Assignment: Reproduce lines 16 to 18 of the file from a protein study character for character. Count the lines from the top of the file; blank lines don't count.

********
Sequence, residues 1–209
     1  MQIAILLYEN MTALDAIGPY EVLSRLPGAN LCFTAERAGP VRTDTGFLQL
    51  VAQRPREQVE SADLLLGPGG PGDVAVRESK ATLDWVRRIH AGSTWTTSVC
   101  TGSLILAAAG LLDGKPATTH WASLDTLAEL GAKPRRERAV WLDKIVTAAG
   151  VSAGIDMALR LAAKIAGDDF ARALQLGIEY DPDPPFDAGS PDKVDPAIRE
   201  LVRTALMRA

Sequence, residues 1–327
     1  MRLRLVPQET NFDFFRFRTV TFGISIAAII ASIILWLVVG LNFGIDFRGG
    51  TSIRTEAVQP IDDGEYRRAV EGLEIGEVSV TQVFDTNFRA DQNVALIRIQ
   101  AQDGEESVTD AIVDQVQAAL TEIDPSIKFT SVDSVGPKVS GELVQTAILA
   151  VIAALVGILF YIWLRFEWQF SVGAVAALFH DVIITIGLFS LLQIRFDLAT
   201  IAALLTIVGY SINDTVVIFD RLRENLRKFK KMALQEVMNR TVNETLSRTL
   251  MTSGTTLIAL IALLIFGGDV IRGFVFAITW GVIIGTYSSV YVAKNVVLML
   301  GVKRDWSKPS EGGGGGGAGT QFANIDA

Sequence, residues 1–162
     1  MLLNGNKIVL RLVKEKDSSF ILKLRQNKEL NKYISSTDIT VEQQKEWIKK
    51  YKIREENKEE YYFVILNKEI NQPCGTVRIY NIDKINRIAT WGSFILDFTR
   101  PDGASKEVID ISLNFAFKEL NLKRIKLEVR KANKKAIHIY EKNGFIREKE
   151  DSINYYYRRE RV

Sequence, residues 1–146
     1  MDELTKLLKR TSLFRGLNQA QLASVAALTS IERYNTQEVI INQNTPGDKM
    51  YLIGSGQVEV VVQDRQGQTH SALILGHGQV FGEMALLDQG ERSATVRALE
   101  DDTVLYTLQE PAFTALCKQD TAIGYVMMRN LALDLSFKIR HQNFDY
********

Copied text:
     1  MLLNGNKIVL RLVKEKDSSF ILKLRQNKEL NKYISSTDIT VEQQKEWIKK
    51  YKIREENKEE YYFVILNKEI NQPCGTVRIY NIDKINRIAT WGSFILDFTR
   101  PDGASKEVID ISLNFAFKEL NLKRIKLEVR KANKKAIHIY EKNGFIREKE